BitWarden - self hosted password manager using vaultwarden/server image

Docker BitWarden - self hosted password manager using vaultwarden/server image

UPDATE 09/07/2023 - v 1.29 - Mobile client push​

With version 1.29, VaultWarden team has added new features for the mobile apps, push notification sync support.

feat: Implement Push Notifications sync by GeekCornerGH · Pull Request #3304 · dani-garcia/vaultwarden

With this feature active on your instance, any changes done inside the VaultWarden server will be instantly visible to the mobile clients. This means, adding a new item, changing it, or creating and deleting the folder, for example.

In order to activate and use it, there are two major steps that need to be done. First is to get the installation ID and key, from the official Bitwarden request site.

If you are unfamiliar with this site, it is the same one that will generate the ID and key value for your self-hosted version of the official BW instance, or the upcoming BitWarden Unified setup.

In any event, once you have the ID and Key, make the changes to the compose file as follows:


Alter the variables listed above with the values you have got from the official BW request site, and rebuild the container using the 1.29 image version.

Websock sync will still work, but it can be removed from the compose.
Previously the ADMIN_TOKEN could only be in a plain text format. You can now hash the ADMIN_TOKEN using Argon2 by generating a PHC string.

This can be generated by using a built-in hash command within Vaultwarden, or using the argon2 CLI tool.

Here are a few examples of how to start with the generation of the PHC string using the Vaultwarden 1.28.0 (or newer) version of the image.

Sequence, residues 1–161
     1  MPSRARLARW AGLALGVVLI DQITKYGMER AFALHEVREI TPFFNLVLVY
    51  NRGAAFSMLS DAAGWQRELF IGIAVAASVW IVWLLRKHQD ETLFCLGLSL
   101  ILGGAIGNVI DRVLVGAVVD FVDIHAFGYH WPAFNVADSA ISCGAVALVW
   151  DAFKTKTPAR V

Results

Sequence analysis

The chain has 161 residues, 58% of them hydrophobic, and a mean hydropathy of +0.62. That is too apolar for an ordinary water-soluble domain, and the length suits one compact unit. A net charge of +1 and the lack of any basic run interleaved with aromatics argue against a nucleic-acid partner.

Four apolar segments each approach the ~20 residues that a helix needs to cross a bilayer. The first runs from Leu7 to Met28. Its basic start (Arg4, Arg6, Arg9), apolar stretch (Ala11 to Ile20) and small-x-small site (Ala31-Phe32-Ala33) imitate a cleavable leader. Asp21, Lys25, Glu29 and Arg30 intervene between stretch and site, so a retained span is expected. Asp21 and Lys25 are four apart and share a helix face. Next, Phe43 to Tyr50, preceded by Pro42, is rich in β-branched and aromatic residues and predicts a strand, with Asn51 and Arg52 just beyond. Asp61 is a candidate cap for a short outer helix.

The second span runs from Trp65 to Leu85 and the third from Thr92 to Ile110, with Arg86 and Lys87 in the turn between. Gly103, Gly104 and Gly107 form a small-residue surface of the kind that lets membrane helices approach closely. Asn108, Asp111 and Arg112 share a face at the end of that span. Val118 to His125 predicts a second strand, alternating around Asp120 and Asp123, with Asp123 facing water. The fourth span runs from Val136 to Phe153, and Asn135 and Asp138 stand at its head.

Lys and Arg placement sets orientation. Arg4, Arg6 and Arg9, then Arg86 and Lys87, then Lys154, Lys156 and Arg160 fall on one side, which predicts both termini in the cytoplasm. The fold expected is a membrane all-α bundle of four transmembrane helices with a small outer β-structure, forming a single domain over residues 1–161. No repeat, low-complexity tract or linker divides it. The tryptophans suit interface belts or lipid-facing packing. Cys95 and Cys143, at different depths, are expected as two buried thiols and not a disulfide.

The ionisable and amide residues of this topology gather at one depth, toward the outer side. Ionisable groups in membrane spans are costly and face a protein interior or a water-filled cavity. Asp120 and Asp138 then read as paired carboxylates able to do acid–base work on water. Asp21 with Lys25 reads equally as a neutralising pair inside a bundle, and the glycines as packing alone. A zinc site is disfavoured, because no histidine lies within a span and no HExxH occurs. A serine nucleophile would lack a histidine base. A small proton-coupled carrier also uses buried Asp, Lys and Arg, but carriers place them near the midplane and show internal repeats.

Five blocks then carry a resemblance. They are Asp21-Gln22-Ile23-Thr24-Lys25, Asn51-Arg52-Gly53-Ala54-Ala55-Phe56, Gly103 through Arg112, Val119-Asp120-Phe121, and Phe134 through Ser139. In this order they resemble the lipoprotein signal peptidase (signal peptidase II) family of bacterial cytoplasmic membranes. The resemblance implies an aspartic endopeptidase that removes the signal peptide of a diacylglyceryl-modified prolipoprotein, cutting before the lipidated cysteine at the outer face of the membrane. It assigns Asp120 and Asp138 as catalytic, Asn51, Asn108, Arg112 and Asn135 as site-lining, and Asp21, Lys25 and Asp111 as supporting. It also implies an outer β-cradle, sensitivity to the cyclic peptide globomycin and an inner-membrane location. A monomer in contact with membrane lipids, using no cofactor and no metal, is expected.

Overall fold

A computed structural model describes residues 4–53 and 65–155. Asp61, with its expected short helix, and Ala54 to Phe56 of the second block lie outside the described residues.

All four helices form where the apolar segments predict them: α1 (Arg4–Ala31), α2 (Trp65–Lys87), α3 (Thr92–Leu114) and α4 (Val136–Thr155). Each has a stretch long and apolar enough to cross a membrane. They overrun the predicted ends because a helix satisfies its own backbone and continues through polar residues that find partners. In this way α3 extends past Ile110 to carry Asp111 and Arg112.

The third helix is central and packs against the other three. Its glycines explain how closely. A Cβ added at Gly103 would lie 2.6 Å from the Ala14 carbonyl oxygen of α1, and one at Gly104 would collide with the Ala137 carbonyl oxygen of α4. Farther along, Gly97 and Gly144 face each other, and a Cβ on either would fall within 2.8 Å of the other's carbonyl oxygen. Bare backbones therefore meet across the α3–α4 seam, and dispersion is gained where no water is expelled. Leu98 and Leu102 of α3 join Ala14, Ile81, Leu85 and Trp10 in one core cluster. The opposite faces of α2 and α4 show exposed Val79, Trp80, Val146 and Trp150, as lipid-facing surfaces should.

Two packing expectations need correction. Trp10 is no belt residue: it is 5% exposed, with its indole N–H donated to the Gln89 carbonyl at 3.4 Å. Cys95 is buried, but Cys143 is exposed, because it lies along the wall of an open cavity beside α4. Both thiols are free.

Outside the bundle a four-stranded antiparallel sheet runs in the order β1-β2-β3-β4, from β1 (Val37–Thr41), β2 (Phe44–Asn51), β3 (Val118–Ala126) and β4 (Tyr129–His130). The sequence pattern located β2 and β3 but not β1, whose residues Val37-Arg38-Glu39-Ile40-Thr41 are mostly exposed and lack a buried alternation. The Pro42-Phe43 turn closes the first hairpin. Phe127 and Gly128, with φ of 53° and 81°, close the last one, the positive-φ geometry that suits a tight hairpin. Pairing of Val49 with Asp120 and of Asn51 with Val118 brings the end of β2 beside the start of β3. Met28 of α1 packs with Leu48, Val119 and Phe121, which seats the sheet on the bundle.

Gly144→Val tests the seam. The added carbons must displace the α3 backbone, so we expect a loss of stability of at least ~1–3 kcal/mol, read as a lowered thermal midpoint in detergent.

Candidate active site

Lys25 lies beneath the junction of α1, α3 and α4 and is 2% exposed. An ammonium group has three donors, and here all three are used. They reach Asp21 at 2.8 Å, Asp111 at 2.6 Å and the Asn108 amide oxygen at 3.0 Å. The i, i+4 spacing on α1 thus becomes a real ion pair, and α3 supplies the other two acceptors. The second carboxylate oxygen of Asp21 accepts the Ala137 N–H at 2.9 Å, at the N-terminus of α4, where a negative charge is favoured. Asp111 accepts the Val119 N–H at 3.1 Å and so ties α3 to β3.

# Using the Bitwarden defaults (default preset)
# Via docker on a running container
docker exec -it vwcontainer /vaultwarden hash

# Via docker and creating a temporary container
docker run --rm -it vaultwarden/server /vaultwarden hash

# Using the vaultwarden binary directly
./vaultwarden hash

# Using the OWASP minimum recommended settings
# Via docker on a running container
docker exec -it vwcontainer /vaultwarden hash --preset owasp

# Via docker and creating a temporary container
docker run --rm -it vaultwarden/server /vaultwarden hash --preset owasp

# Using the vaultwarden binary directly
./vaultwarden hash --preset owasp

The same method applies if you are using any UI for docker management like Portainer for example. Simply use its console function to bash into the container, and then run the command: /vaultwarden hash --preset owasp

Enter the password you want to use on the admin page and wait for the string to be generated. Once you have it, set it as an environmental variable. If you are using docker-compose.yaml file, be sure to make the following changes to prevent interpolation.

Replace all single $ characters with double ones $$ in all five (5) instances inside the string.

Recreate the container, go to the VW admin page: https://fqdn/admin, and enter the password that you typed in during the string generation.
The old image bitwardenrs/server is being deprecated and changed with a new official one called vaultwarden/server.

The resource steps still apply.
If you want to use SMTP with this version of BW image make sure to make these changes to your setup.

Add these variables:

-e SMTP_HOST=<smtp.domain.tld> \
-e SMTP_FROM=<[email protected]> \
-e SMTP_PORT=587 \
-e SMTP_SSL=true \
-e SMTP_USERNAME=<username> \
-e SMTP_PASSWORD=<password> \

Note that if SMTP and invitations are enabled, invitations will be sent to new users via email. You must set the DOMAIN configuration option with the base URL of your bitwarden_rs instance for the invite link to be generated correctly.